Absorbs Damaging Chemicals
Volatile organic compounds, or VOCs for short, are essentially the gases that are emitted from a number of both indoor and outdoor sources. However, concentrations of VOCs are much higher indoors than outdoors and can come from a variety of everyday items such as cleaning supplies or paint. Having an air purifier in the home, particularly one fitted with a charcoal-based activation filter, can help absorb some of these harmful irritants, giving you much better air quality within the home.
Improve on General Household Smells
It’s not just pets that produce terrible smells. Odors in the home can come from various sources, including pungent foods, smoke particles, and dirty kids. While lighting a candle or opening a window may help to ease the whiff a little, a good air purifier will eliminate it entirely.
Are There Other Ways to Improve Air Quality in a Home?
Having good quality air to breathe is not only our right as a human, but it’s essential in order to maintain a healthy life. While an air purifier is the best solution, there are a number of other ways to improve the air quality within your home:
Ventilation is Vital
Opening a window may seem counterproductive when trying to get rid of harmful pollutants. However, in the absence of an air purifier, having the windows open prevents dust mites and allergens from building up. If at all possible, try and open windows on both sides of the room. This will create a stronger cross draft, making it more difficult for air irritants to settle.
Plants Are More Than Just Decoration
You may be surprised to know that plants have some amazing qualities for improving air quality. In 1989, the National Aeronautics and Space Administration (NASA) teamed up with the Associated Landscape Contractors of America (ALCA) to conduct the Clean Air Study. It was essentially a project to find ways to clean the air in space stations. Researchers discovered that there are a number of common indoor plants that may help to do this, including bamboo Palm and English Ivy. So go green and bring a few houseplants into the fold.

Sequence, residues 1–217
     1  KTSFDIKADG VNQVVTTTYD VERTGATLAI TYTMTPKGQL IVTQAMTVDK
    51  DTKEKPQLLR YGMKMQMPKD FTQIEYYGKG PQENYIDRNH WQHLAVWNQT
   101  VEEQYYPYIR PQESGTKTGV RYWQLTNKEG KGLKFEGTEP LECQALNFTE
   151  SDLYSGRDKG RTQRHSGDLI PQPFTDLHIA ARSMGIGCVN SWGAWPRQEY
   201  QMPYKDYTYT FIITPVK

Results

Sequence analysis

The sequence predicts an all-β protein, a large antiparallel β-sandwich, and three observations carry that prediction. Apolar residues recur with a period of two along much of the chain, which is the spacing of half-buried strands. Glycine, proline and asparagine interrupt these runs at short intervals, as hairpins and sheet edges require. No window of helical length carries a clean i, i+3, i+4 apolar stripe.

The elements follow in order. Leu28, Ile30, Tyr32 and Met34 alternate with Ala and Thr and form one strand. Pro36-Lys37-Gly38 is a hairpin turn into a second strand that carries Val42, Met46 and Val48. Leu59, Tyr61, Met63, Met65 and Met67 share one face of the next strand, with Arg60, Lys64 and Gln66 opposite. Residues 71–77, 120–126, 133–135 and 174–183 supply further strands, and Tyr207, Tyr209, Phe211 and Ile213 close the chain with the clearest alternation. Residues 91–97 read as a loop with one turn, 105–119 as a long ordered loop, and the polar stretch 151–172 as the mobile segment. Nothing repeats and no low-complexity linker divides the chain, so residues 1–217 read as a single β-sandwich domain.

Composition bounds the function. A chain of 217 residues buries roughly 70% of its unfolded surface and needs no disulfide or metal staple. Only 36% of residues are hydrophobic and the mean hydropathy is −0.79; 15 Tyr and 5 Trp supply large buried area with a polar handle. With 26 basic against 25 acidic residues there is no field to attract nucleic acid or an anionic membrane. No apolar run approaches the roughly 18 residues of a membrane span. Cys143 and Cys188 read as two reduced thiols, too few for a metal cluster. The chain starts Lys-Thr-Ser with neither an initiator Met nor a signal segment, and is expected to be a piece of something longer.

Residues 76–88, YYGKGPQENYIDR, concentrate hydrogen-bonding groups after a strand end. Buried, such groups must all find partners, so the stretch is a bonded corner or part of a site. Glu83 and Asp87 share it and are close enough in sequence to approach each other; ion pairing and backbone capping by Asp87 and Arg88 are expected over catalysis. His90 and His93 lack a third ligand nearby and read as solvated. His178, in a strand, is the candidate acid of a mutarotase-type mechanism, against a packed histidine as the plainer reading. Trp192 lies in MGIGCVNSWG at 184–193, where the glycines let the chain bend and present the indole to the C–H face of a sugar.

Vacuuming is another inexpensive way of controlling the number of dust particles that accumulate within the home. As most people already own a vacuum, it’s no extra expense to simply use the one you have. If, however, you are looking for an upgrade, try and go for one that’s HEPA-certified. At least then you will have the added benefit of a decent filter.
So Are Air Purifiers Worth It & Do You Need One?
Absolutely! Regardless of whether you suffer from any respiratory problems or allergies, a good air purifier will not only improve the quality of the air you breathe, but it will help to improve the quality of your life too. These appliances are not gimmicks and should not be seen as just another fad. There has been a lot of time and money spent on researching the benefits of using these appliances, particularly in conjunction with the HEPA air filter. And each and every time, research shows a clear reduction in the harmful irritants, pollutants, dust, and other particles in the air while using an air purifier.
While there may be a cost in the initial purchasing of an air purifier, you will need to keep replacing or cleaning the filter regularly, which may involve an additional cost. However, the health benefits to be seen from having one in your home will largely outweigh any expenditure. At the end of the day, there is no price to be put on yours or your loved ones’ lives. And if you can improve your indoor air quality significantly with just a small investment, surely, it’s worth it.
In 2018 alone, U.S. air purifier sales increased by a million units and can be found in at least one-quarter of American homes. Since indoor air can contain up to five times as many contaminants as outdoor air, it’s not hard to explain the popularity of these devices.